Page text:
Crowds even bigger than rugger
That a sport could attract about 17,000 spectators on each of the two days of the superstocks teams champs last weekend was mighty impressive.
Nothing else held in Palmerston North this year will come close to that, not even the Super Rugby match between the Hurricanes and the Stormers in April.
The stockies have the advantage that their event is not televised live, so to see it, you have to be there.
Many in mainstream motorsport dismiss stockcar racing. But for sheer thrills and crowd numbers, it is hard to beat the annual teams champs held every February.
They were started in 1981 by promoter Bruce Robertson. His idea was to copy the Ranfurly Shield format, for the winner to take the event home, but no-one from the other tracks concurred so it has been held in Palmerston North ever since and has grown out of sight.
One unofficial estimate had the teams champs bringing $7 million in to the city's economy each year, beaten only by Boxing Day and its sales.
When it comes to the other one, the New Zealand Stockcar Championships, the winning team does get to host the following year's race. But Palmerston North have won that event for the past three years since taking it from Wellington and that too looks like it has a semi-permanent home at Arena Manawatu.
Superstocks, as distinct from stockcars, these days cost about $150,000, which is greater than many cars involved in tarmac racing. Many of the drivers' rigs are worth more than $500,000.
The engines play a big part in the cost and many of them are built by Bryan and Nelson Hartley at The Head Shop and by CSL in Palmerston North.
Building stockcars and superstocks represents the biggest part of Peter Rees' business at Himatangi, where he has built more than 115, not to mention the repair work he does.
Total Sheetmetals built the latest Scott Miers tank and supplies much of the steelwork for the stockcars. The city's signwriters do very well out of it too.
It will take a stupendous effort by another team to overcome the two Palmerston North teams in future years.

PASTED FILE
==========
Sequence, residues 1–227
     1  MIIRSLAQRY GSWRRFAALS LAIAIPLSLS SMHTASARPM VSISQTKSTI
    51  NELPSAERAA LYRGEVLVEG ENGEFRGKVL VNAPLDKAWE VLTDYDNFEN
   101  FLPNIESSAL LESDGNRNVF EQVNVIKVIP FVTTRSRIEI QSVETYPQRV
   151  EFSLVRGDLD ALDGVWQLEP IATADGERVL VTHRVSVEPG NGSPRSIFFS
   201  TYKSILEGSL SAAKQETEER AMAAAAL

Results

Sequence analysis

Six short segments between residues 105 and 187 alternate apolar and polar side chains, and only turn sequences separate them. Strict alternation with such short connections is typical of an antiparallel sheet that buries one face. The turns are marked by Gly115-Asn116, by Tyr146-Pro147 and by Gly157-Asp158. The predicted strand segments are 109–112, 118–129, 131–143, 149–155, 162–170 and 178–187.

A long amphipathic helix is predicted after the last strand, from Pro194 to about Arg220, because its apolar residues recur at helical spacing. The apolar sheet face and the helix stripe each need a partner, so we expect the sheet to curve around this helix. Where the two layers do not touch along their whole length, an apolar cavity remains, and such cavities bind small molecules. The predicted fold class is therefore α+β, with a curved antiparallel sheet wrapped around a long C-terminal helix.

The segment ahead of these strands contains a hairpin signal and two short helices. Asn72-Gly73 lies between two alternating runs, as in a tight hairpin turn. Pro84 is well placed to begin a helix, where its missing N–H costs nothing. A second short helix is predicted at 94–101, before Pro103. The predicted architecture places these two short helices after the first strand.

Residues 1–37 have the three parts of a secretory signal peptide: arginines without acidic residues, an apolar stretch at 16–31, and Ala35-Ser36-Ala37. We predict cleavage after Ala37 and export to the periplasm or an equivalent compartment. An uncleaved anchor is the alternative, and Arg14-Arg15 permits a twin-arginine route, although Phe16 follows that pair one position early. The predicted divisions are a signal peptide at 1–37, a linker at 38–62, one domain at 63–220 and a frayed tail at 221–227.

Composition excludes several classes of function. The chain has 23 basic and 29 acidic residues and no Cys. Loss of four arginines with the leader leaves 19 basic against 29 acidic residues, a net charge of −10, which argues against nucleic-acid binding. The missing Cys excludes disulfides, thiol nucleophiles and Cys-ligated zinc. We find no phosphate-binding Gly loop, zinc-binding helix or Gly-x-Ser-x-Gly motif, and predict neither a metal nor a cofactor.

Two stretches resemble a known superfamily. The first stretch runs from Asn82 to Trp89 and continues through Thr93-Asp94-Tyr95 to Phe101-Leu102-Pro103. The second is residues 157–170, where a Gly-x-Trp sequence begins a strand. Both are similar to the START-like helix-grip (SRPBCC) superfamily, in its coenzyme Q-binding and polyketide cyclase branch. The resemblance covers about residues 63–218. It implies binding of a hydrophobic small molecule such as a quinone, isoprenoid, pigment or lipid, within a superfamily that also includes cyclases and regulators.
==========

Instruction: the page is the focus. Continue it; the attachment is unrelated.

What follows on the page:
Some visiting fans, laden down with envy, get no pleasure out of seeing their teams dwarfed year after year. Others just get pleasure out of seeing top-class teams racing.
There are more than 40 superstocks in Palmerston North and so the racing is the toughest there.
Nelson, for instance, is also strong in the class, with about 16 active cars, but Cook Strait is a barrier to them getting regular, tough racing.
Most weeks, Palmerston North attracts the best stockcars from the central and lower North Island. There are more than 100 stockcar drivers registered in Palmerston North and weekly fields of 50.
The young kids coming through are as good as any in the country, have no fear and have obviously learnt the tricks of driving in heavy traffic from their illustrious fathers, most of whom have ample resources behind them.
■ Much ado was made about the abbreviated Sonny Bill Williams boxing bout in Brisbane.
These celebrity jousts are merely unsanctioned exhibitions and shouldn't be taken seriously. This one had less cred than Shane Cameron's "world title fight" against Danny Green in Melbourne in November.
■ Crazy-season reports suggest so many rugby players are skipping between Manawatu clubs this year they're keeping pace with the number of scruffs who wear their socks down.
As one coach said this week, "players shouldn't need money to play club rugby". But so many have their hands out.
■ There's nothing like the thunderous roar of a full field of V8s exploding downhill in a rolling start at Manfeild.
But last weekend, with only four of the new V8s and 11 of the ancients, it wasn't the same. The whole meeting hinged on Toyota and its single-seaters.